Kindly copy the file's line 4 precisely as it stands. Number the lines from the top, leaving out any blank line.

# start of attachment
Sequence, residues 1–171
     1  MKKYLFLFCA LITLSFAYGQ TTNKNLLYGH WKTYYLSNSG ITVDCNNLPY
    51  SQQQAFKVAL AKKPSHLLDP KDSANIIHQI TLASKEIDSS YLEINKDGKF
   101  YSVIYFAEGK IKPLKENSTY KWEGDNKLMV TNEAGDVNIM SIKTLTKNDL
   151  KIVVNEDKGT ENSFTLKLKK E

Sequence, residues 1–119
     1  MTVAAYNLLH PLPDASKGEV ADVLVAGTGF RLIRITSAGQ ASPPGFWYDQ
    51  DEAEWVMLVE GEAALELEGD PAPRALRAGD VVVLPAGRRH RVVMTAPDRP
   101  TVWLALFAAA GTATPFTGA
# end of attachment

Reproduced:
   101  YSVIYFAEGK IKPLKENSTY KWEGDNKLMV TNEAGDVNIM SIKTLTKNDL